we cannot regard our banking system as homogeneous.

It is, rather, a

collection of 14,000 individual units, of which about 6,000 are members
of the Federal Reserve System, and among whom some 700 of the largest are,
for practical purposes, sui generis.

These latter banks all actively deal

in Federal funds, and about 200 of them are directly and continually in
contact with the Nation's central money market.

All other banks, while

constituting about 95 per cent of the banks in the country, hold only
about 30 per cent of total deposits, and account for an even smaller
proportion of the fluctuations therein.

Discounting is at times vitally

important to the smaller banks, but the total volume of their borrowings
is relatively unimportant for over-all monetary policy.

It is within the

group of larger banks, and especially the money-market banks, that changes
in the aggregate volume of discounting can importantly affect the bite
of national monetary policy.

-12We have found it useful to think of discounting as made up of two
dimensions, which might be described as operational and strategic.


operational includes meeting those needs for reserves which are caused by
such factors as random short-falls from projections, seasonal patterns of
loan demand, and deposit losses.

These needs appear in almost all banks

at some time, and are presumably not created, nor importantly affected, by
changes in monetary policy.

This is the sort of discounting upon which the

1955 Regulation concentrated.
The strategic dimension of discounting includes borrowing which
comes about as the result of monetary pressure and this is the sort of
borrowing that accounts for most of today's aggregates.

In practice, of

course, the two dimensions of discounting often blend together.

The operational

needs increase somewhat during periods of restraint, and, probably more
important, other means of adjustment become less readily available.
It seems reasonable to expect that the discount window will continue
to assist banks in meeting their purely operational needs, a task for which
it is uniquely suited.

However, various improvements in the way it meets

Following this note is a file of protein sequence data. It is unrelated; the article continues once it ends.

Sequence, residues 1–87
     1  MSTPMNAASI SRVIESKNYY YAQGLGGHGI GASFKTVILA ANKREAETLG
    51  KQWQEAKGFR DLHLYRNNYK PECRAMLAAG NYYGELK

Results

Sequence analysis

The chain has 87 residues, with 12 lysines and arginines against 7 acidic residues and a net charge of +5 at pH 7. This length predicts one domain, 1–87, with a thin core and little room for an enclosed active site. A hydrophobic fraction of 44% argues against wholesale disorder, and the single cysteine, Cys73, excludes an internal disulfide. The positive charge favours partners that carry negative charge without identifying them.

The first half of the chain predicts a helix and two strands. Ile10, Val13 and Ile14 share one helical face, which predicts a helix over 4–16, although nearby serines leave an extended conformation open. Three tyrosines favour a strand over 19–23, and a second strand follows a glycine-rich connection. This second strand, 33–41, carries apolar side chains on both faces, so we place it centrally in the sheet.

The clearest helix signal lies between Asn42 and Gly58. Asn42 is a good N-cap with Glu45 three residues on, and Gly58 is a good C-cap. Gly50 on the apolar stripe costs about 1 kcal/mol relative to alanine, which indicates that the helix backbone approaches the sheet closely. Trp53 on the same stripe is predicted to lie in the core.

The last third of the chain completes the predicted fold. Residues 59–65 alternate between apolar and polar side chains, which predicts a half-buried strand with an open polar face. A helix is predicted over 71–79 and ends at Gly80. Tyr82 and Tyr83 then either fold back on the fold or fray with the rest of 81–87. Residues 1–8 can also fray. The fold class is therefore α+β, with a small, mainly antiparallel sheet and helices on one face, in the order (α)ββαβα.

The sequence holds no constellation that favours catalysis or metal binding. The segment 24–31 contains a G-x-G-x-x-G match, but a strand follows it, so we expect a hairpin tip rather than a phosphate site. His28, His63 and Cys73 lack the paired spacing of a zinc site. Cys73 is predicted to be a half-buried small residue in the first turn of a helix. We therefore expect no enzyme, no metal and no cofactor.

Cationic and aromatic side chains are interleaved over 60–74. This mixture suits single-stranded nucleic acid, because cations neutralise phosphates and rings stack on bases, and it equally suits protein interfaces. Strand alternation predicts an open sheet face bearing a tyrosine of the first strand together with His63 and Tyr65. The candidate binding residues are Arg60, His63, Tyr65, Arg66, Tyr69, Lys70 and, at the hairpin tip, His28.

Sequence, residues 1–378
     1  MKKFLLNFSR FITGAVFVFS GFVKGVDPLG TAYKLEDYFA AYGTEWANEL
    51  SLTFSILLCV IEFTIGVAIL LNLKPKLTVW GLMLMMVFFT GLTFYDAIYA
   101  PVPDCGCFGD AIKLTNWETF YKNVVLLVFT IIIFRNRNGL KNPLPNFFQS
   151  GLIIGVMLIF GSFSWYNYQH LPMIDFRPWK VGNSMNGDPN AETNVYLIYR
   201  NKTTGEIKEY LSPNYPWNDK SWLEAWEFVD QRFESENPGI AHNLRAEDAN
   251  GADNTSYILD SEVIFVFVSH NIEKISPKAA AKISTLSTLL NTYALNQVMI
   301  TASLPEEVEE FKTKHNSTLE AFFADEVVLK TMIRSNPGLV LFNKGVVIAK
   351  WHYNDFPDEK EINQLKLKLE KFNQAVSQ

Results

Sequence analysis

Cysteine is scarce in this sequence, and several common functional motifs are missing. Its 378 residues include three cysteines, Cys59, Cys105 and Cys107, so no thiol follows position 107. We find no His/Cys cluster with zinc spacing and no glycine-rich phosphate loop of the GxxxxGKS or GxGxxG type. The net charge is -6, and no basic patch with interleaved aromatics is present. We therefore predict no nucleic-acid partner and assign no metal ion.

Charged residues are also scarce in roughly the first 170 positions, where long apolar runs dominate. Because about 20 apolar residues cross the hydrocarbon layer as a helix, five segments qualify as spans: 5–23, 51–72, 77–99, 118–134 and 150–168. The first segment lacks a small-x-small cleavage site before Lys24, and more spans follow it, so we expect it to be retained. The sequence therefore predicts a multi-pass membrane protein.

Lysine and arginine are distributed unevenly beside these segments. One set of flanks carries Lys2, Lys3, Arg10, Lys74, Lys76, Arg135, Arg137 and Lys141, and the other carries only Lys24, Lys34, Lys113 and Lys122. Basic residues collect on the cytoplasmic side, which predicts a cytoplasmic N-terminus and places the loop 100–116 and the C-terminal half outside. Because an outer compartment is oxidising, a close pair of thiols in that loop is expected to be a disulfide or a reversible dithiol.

them are under consideration.

Also being examined are possible ways of

easing these needs by mechanisms other than the discount window--for example,
the possibilities for changes in reserve period accounting or the fostering
of secondary markets to ease flows of funds among banks.
Also being discussed is the possibility of the discount window
assuming some of the responsibility for operational reserve adjustments
now performed by open market operations.

These would be somewhat different

from the above in that they would involve offsetting some of the short-term,

reversible movements in reserves which are also largely unrelated to monetary
policy, but which affect the economy as a whole as well as any individual bank.
Another question that has been raised is the possibility of the
window taking a more active part in carrying out the thrust of monetary policy.
As the proportion of reserves supplied through the discount window increases
in periods of restraint, more banks are under pressure to adjust, and thus
the restraint is transmitted throughout the banking system.


for improving and strengthening this mechanism are being discussed.
A question which overrides all considerations of discount window
use is how to control it.

The extent of borrowing is now controlled primarily

by bank reluctance to borrow and, when this is not effective, by administra­
tive counseling.

The discount rate serves only a subsidiary role.


system has been the target of much criticism; various changes have been

The academic experts would have us rely almost exclusively on

Other suggestions are for quantitative limits, such as lines of credit

or possibly an auction of funds, or some more positive variation of adminis­
trative control.

All these possibilities are being considered within the

framework of the study, as are numerous other combinations.

As of now, no

clear consensus has begun to emerge other than the sense, based largely on
our own and foreign experience, that it would be unwise to give up a tool
we have, or to wed ourselves exclusively to any one control mechanism which
may become inappropriate in future circumstances.
These are but a few of the areas of inquiry within the discount
study, but they perhaps give you some idea of its scope and the range of
changes in the mechanism which it may produce.


A final thought which I would like tc leave with you concerns the
relationshi. between the economics profession and the Federal Reserve System.
1 do not think L car. overstress the importance of your understanding of our
problems and our understanding of yout potential contribution to their

It is, of course, true we have always learned from each other,

raided one another's intellectual resources and scoffed at each other's
foibles of fact or theory.

But, I think the time is coming when your

responsibility for contributions to monetary theory and practice should
weigh more heav'.ly on you.

After all, your guild now holds four out of

seven seats on the Beard and we need your supportI should repeat to you that in the past three years the Federal
Reserve has heard a good deal of wise counsel from a series of academic
seminars sponsored by the Board, Held in Washington, and dealing with
current monetary issues and selected economic problems affecting the
future course of monetary policy.

These seminars, held three- or four

times a year, are arranged by professor Lee Bach of Stanford University.
Professor Bach selects the topics with some consultation with us and
arranges on his own responsibility for a dozen or so academic participants
at each meeting.

The response from economists from all over

the country has beer, as close to ICO per cent as busy schedules permit
and the intellectual response to the problems presented has consistently
strengthened our grasp of the difficult issues we must face

This is

the most concrete evidence I can advance that the guild is not letting
us down.